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FAA Flies in the Face of Common Sense

Grounding planes for no good reason.

By Will Offensicht  |  May 5, 2008

In an article "American Airlines to cite FAA for flight fiasco," Reuters reports:

American Airlines is poised to say in a report to be delivered on Friday that it wouldn't have had to cancel over 3,000 flights last month if a tentative agreement it had with local aviation officials hadn't been overruled, the Wall Street Journal reported.

The report will say that the carrier thought it had a "hand-shake" pact with regional Federal Aviation Administration managers, through which it meant to repair wiring systems on its MD-80 planes on a schedule that would not have forced it to cancel flights, which left over 300,000 passengers stranded last month.  But FAA headquarters overruled those local officials and pressed forward with a tougher enforcement plan literally overnight, the report said, according to the Journal.


There's always a tradeoff between regulation and operations.  The FAA is responsible for enforcing regulations designed to ensure aircraft safety, but people forget that all a bureaucracy can do is shuffle paper.  When the paper is not to their liking, bureaucracies tend to have hissy-fits and throw their weight around.

We see this most vividly in general aviation.  Owner-pilots are not generally all that good at paper work, but they quickly learn that to the FAA, the paper is more important than the plane.

If you look in the sales ads of aviation magazines, you'll occasionally see planes for sale which have lost their log books.  In general, a paperless plane is worth roughly 1/4 of what it would be worth with an up-to-date log book.

The log book allows the owner to prove that the airplane is "airworthy," which means that it can be legally flown.  If the paperwork is in order, the plane can be flown regardless of the actual state of the plane.  If the paperwork is not in order, it doesn't matter what shape the plane is in, it can't be flown.  Such is the mind of the bureaucracy.

Who declares whether the paperwork is correct or not?  The bureaucrats.  The more paper they are able to require, the more bureaucrats they get to hire to check it.  The article goes on:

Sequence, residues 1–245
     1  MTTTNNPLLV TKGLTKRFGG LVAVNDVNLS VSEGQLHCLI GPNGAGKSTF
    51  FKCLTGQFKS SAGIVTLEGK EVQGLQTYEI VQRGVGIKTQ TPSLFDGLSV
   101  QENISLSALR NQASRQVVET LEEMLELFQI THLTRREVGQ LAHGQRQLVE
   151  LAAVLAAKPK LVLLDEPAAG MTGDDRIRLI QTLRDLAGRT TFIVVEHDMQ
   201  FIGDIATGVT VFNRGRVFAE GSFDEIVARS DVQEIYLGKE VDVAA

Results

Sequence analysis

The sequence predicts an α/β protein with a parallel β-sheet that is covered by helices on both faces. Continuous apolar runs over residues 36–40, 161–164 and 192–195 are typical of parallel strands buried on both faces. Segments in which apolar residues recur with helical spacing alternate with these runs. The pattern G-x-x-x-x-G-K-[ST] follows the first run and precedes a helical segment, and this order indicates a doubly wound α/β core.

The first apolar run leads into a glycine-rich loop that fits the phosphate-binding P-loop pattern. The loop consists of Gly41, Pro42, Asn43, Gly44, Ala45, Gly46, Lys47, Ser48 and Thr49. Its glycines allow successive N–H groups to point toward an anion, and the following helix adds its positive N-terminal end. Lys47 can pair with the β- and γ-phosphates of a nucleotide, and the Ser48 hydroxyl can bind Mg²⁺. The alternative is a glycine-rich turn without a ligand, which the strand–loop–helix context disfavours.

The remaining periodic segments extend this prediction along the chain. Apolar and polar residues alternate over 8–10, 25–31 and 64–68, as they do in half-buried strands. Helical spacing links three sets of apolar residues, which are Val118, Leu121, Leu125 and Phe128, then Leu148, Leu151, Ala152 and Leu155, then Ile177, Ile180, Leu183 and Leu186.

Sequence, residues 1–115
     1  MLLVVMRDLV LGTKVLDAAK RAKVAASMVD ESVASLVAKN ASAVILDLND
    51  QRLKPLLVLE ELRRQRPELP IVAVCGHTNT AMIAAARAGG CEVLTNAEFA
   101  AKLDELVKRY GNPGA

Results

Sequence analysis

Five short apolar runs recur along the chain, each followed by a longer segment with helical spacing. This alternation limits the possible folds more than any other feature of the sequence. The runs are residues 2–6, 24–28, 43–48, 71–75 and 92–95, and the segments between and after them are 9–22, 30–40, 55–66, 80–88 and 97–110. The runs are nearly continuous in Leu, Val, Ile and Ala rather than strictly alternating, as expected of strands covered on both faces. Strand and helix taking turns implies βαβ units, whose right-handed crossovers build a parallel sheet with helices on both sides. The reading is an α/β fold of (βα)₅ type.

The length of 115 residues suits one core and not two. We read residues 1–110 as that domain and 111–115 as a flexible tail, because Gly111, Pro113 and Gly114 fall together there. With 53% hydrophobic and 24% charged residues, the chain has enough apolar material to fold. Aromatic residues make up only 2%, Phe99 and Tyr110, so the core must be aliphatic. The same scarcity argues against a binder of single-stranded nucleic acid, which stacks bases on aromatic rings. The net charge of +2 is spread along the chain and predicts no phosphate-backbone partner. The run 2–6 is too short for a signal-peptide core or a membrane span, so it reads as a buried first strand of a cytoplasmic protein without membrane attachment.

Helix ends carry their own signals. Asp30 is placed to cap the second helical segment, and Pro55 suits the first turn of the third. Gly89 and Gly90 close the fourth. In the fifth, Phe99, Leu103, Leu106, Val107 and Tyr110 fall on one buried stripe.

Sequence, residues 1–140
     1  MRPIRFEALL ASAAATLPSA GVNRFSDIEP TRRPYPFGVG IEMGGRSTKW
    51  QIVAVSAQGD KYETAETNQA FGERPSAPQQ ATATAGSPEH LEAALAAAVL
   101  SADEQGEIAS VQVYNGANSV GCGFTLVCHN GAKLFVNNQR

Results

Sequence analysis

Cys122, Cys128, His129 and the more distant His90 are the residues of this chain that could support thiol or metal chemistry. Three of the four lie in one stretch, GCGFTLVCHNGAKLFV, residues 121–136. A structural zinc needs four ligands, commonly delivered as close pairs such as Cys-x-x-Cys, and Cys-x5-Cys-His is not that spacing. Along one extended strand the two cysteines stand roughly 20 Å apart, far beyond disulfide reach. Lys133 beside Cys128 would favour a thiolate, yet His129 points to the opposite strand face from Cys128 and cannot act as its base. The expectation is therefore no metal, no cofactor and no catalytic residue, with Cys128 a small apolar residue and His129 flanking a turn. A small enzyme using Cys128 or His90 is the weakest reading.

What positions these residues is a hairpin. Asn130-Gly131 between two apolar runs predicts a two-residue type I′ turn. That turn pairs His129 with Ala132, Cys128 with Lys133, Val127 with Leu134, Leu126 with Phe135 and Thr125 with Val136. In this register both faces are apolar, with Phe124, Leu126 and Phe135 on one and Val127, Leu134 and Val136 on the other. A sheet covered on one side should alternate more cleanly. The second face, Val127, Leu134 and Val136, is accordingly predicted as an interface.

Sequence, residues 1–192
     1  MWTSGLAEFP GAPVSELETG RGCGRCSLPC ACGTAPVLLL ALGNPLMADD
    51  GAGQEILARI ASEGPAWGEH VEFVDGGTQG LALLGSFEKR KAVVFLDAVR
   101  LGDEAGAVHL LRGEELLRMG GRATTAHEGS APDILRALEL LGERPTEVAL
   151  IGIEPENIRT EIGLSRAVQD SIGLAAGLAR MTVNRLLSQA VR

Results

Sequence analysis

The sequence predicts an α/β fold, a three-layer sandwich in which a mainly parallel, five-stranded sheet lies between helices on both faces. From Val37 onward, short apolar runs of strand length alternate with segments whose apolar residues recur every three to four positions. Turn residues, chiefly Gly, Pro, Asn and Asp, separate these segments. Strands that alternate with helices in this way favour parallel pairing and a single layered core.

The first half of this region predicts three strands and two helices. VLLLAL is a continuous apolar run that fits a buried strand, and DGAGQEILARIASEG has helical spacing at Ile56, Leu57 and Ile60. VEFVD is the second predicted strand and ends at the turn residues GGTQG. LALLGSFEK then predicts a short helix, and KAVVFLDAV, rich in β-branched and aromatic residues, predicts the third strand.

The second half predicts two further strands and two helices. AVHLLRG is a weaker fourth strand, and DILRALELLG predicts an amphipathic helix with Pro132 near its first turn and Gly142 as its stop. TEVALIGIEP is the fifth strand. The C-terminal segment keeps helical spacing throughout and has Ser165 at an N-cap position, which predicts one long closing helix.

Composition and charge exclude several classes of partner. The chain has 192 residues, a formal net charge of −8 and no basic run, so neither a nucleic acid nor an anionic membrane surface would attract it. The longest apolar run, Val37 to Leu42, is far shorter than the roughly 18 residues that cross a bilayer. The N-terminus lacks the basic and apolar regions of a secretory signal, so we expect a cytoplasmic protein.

The report, to be delivered to the U.S. Department of Transportation, is also expected to say that FAA officials did not check any of the affected planes or raise doubts about the initial wiring work until March 2008, the Journal reported.

The FAA issued an airworthiness directive which stated that certain wiring had to be inspected.  American is known in the business for excellent maintenance; there's no suggestion that they were cutting corners.  The question arises, how fast must the inspections be done?

American would have clearly preferred that these inspections be done as part of the normal maintenance cycle.  That is, they would inspect the wiring as each plane came in for whatever routine maintenance it would normally need.  That way, the only extra cost would be the cost of having an FAA-licensed mechanic look at the wiring in addition to whatever else he was already doing, maybe an extra half-hour per plane.  Not only that, doing the inspections in an orderly, scheduled manner would lead to better inspections.

The second worse procedure would be to bring each plane into the hanger just for that inspection.  Airlines don't have many spare airplanes because they cost tens of millions of dollars; an airline can't afford to have extra capacity just sitting around not earning its keep.

Taking a plane or planes out of service for unscheduled maintenance is costly both in dollars and in customer goodwill; we've all sat and fumed in airports while the mechanics try to get our plane back in the air.  Not only that, there are a limited number of maintenance facilities which are staffed with people who are licensed to perform that particular inspection.

Although the article didn't give details, it seems that American had worked out a "hand shake" agreement with the local FAA people that would let them get their paperwork in order without canceling flights.  Now, if the potential problem was something that could cause the plane to drop out of the sky, this would have been a bad call; but it wasn't.

As far as we can tell, this wiring issue had a measurable but vanishingly small possibility of causing a minor fault that could lead to damage to the plane, but not actually hurt anyone.  So the issue, rationally speaking, wasn't worth hitting the panic button over.  American Airlines and the local FAA office sat down and figured out a common-sense plan to do what needed to be done as quickly as reasonable, and with the least amount of chaos.

What happened next was the worst possible outcome for American - the bureaucrats at FAA headquarters overruled their field office and grounded the airplanes until they could get the paperwork fixed.  300,000 passengers, roughly 0.1% of the population of the United States, were stranded.

It's long been the case that air travel is safer than driving, so anything that causes people to drive who would otherwise fly leads directly to unnecessary deaths.  With so many people delayed at the airport, hundreds if not thousands of would-be passengers no doubt got sick of waiting, and took to cars to get where they had to go.

Any extra automotive deaths should clearly be charged to the FAA, but being a bureaucrat means never having to say you're sorry.  By taking a stupid and unnecessary action, the FAA not only didn't make us any safer, they actually killed people.  Do you think anyone there lies awake at night feeling guilty?